Is the internet, that bastion of anonymity just a cesspool of typists taking on new personas and putting on airs? Nope, says Tal Yarkoni of the University of Colorado at Boulder. By correlating personality
questionnaires with posts, Yarkoni's analysis of nearly 700 bloggers uncovered reliable links between personality types and specific words, topics, and styles like use ofthe second person, which is associated with extraversion). Self-conscious bloggers, for example, tend to be negative, focus on achievement, and use the word "sizes" the latter often related to clothes. While many studies of personality in writing depend on samples jotted downin a lab, Yarkoni combed thousands of compositions on blogs that launched before his study began. "If someone spent the last five years blogging
, my analysis of her posts won't be affected by how she feels right now;' he says. He walked us through a few personalities' writing quirks—and we took a stab at IDing bloggers who may fit the profiles —Nikhil Swaminathan
Neurotic bloggers tend to use tons of first-person pronouns, fixate on their feelings, employ modifiers such as "awful" and "terribly," and sprinkle the word "stress" throughout their prose, Yarkoni says. Internet celebrity Julia Allison appears to have a penchant for airing the negative.
"HELP!!!! I have horrible, awful, no good, very bad PMS!" —Julia Allison, November 2, 2007
Gregarious people commonly employ terms indicative of a vibrant social life: "friends," "girls," "tickets," and "drinks" among them. The political pundit, socialite, and founder of The Huffington Post seems to fit the bill.
"I have been friends with Brenner for thirty years—I can't swear that she danced at my wedding, but she definitely attended it." —Arianna Huffington, March 13, 2006
A task-oriented mentality is strongly associated with the words "practical," "ready," and "completed." Self-disciplined bloggers are also less likely to take angry or tentative tones. Conservative commentator Andrew Sullivan's style and word choice may reveal a straightand- narrow mindset.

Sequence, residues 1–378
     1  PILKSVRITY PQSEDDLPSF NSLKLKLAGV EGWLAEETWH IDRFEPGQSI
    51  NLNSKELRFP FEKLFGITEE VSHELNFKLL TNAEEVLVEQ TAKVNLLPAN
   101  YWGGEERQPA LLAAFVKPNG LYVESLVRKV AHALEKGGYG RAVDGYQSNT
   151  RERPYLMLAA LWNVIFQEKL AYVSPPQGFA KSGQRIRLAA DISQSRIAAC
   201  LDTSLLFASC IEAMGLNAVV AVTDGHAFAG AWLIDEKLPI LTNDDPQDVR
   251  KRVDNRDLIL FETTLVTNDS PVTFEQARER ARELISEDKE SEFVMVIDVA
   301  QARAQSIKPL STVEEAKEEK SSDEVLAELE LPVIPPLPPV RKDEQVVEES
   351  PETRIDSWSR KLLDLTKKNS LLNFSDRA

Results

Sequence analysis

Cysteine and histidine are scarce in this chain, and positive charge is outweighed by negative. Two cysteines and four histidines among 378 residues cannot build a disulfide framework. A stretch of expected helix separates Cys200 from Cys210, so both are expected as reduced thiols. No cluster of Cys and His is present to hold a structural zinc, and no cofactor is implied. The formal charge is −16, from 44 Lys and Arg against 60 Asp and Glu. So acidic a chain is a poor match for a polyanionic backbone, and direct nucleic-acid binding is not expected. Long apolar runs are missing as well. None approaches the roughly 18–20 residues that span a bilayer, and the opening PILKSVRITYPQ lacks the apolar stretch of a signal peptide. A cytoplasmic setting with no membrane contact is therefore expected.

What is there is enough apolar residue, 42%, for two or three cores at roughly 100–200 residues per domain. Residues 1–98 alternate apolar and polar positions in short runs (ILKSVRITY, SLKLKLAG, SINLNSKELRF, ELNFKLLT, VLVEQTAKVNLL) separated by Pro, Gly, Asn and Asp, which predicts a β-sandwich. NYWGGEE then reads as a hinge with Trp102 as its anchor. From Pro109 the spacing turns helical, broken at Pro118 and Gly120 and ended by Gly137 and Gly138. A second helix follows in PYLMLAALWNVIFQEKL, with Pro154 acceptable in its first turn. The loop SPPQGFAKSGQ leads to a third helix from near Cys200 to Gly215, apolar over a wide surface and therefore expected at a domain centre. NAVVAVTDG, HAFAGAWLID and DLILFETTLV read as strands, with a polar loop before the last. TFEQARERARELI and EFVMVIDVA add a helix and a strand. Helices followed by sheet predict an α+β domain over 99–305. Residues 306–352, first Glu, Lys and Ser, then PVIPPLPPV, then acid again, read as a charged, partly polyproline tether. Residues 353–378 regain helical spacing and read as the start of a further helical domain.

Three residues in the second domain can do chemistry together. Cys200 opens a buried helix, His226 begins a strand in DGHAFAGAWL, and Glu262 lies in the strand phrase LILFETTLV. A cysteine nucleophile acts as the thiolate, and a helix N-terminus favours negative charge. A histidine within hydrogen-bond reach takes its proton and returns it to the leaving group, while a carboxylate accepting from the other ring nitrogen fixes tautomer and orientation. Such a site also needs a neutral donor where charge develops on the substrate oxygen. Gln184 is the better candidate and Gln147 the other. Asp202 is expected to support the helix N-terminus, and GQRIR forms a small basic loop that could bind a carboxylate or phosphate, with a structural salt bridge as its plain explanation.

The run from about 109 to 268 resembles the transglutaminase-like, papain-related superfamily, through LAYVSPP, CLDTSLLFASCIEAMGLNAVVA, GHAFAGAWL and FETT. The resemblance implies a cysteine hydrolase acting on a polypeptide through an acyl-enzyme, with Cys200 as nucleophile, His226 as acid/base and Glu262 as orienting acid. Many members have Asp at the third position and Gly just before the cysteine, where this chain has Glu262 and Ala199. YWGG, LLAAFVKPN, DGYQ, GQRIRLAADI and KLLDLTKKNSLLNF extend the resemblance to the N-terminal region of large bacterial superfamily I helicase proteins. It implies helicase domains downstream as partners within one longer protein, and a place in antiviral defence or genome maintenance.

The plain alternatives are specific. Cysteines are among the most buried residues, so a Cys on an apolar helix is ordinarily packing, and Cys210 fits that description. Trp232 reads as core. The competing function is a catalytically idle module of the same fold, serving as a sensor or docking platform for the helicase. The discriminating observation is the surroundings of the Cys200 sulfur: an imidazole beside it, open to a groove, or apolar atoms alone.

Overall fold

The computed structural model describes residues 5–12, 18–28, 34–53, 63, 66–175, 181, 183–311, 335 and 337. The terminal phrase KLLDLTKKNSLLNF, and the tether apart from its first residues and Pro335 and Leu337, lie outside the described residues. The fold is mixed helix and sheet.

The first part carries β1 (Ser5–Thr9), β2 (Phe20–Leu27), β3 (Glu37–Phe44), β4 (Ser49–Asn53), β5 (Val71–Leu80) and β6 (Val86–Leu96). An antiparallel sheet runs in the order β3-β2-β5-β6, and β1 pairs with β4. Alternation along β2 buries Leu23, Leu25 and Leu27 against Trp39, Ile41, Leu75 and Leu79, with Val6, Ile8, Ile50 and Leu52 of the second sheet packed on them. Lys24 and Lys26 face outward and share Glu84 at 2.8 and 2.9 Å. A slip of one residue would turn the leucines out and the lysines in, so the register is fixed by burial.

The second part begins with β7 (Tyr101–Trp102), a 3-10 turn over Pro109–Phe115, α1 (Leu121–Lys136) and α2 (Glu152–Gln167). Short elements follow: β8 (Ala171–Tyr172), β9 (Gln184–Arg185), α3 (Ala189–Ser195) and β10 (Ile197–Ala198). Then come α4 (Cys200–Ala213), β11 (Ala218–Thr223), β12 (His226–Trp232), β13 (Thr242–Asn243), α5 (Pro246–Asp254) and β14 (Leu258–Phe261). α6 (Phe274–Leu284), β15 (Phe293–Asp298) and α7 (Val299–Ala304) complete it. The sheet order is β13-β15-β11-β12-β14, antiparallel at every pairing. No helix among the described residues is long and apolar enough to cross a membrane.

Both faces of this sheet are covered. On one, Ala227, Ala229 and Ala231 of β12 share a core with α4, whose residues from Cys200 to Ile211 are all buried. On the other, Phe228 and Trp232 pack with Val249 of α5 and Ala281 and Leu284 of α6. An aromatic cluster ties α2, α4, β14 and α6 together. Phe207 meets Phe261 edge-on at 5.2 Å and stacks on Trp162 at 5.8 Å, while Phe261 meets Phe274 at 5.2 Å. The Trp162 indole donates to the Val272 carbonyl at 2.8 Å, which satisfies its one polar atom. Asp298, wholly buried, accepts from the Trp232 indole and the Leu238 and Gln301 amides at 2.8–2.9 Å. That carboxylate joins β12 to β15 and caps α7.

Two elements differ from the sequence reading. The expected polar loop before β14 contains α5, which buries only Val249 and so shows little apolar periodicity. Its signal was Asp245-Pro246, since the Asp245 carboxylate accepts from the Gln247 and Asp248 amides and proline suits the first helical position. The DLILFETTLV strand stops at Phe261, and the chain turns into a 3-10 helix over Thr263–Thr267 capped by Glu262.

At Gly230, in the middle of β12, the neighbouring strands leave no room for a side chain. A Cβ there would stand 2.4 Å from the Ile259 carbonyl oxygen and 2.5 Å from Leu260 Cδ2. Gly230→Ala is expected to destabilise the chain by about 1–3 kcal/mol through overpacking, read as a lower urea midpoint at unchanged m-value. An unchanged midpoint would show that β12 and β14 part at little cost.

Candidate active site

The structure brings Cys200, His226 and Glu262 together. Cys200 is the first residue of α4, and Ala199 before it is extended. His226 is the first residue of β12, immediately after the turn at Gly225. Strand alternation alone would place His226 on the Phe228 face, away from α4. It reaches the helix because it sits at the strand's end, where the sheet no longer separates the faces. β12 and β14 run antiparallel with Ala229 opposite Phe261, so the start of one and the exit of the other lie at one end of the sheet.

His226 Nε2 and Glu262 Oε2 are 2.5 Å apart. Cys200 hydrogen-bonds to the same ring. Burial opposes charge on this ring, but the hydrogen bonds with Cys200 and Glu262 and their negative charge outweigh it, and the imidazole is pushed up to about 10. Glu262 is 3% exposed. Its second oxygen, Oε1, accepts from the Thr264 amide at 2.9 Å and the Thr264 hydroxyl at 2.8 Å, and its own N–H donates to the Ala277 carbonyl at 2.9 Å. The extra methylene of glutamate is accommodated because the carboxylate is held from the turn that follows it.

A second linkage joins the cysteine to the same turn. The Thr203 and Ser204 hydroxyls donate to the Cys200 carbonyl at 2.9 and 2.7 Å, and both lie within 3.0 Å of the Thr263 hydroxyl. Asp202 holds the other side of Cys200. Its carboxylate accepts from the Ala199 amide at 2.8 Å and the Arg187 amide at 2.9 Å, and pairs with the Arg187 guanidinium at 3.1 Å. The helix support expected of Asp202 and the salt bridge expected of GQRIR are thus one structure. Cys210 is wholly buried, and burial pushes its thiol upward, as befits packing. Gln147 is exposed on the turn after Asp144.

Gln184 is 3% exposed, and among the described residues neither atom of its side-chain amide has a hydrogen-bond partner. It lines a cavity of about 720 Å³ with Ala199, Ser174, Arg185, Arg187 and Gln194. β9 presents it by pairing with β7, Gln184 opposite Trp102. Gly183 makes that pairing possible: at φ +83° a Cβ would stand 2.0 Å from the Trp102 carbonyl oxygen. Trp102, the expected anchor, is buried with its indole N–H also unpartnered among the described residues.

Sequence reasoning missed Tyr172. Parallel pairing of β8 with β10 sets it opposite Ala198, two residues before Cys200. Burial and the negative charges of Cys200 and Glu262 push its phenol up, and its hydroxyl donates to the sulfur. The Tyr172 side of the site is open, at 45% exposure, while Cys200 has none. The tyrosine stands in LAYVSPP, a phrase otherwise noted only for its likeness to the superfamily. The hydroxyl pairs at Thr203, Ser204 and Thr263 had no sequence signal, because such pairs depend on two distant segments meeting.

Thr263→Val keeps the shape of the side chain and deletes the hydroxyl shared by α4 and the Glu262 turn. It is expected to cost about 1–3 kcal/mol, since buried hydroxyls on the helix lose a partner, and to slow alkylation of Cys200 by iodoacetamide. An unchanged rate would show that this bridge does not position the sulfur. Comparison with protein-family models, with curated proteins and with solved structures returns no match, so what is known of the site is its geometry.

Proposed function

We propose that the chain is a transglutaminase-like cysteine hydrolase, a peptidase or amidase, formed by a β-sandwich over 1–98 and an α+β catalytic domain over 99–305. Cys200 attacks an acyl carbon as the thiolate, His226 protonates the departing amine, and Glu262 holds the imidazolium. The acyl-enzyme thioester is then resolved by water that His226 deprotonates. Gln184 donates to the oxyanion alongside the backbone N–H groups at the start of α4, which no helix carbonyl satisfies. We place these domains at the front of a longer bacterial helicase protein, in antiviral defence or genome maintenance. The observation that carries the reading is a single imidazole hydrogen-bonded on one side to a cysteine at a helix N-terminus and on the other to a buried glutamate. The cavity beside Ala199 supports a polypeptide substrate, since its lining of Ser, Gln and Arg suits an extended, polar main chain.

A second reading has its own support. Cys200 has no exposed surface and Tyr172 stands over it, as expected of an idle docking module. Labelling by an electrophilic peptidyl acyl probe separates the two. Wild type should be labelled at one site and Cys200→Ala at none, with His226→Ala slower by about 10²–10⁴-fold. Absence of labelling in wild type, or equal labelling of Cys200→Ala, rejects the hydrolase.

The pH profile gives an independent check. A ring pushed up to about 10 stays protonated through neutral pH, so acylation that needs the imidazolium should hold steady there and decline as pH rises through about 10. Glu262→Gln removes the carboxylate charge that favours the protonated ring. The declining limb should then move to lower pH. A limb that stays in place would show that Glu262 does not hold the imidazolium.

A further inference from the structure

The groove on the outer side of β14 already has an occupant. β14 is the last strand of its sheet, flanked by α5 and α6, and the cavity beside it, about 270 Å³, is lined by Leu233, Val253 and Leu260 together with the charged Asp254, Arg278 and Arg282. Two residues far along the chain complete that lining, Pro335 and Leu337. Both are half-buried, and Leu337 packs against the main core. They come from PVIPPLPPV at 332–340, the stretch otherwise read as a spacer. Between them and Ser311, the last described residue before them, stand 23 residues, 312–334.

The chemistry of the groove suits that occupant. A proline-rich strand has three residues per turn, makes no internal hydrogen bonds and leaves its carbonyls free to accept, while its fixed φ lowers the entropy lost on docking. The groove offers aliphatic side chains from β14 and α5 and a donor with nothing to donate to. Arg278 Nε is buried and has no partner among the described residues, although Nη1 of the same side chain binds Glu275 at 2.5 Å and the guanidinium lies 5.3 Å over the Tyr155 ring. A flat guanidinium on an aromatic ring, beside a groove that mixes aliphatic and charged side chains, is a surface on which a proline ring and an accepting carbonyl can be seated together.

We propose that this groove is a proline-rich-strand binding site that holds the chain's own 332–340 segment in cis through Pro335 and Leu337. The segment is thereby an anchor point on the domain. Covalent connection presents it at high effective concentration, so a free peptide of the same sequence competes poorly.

"So you have a pracitcal, targeted measure that seems to have helped abate a deeper recession in the auto industry." —Andrew Sullivan, August 4, 2009
Tests have linked liberalism, openness, and intelligence. Yarkoni found that liberal people use longer words, such as "complicated," "particularly," and "literature." And who's more liberal these days than economist and New York Times blogger Paul Krugman?
"One of the things I find puzzling about the whole oil market discussion is how complicated people seem to make it." —Paul Krugman, May 13, 2008
We asked PT's bloggers (psychologytoday.com/blog) which personality traits are easiest for people to conceal.
Wrath Under Wraps
"The capacity for evil is, for most people, the easiest to hide. In our culture, rage is so stigmatic and demonized that we conceal it fairly successfully. We try to be too nice ortoo good. Normal anger can fester and tum into toxic resentment, embitterment, hostility, or explosive violence." —Stephen A. Diamond, Ph.D. Evil Deeds: A forensic psychologist on anger. madness. and destructive behavior
"I see introversion as one of the easiest traits to mask. Most people falsely assume that introverts are withdrawn, verbally inept, and quiet. But over time, introverts can become quite skilled verbally, and when the subject is one that truly interests them, they can be quite talkative—to the point of enthusiastically dominating the conversation." —Leon F. Seltzer, Ph.D. Evolution of the Self: On the paradoxes of personality
Fear of the Mirror
"The capacity to avoid self-knowledge is an easy quality to hide. Since we all share this trait in one form or another, it fades into the background of everyday life. Even people who consciously strive for self-knowledge fool themselves and unconsciously avoid it. We conceal this universal personality feature not only from others, but from ourselves, too." —Steven Reidbord, M.D. Sacramento Street Psychiatry: More than just meds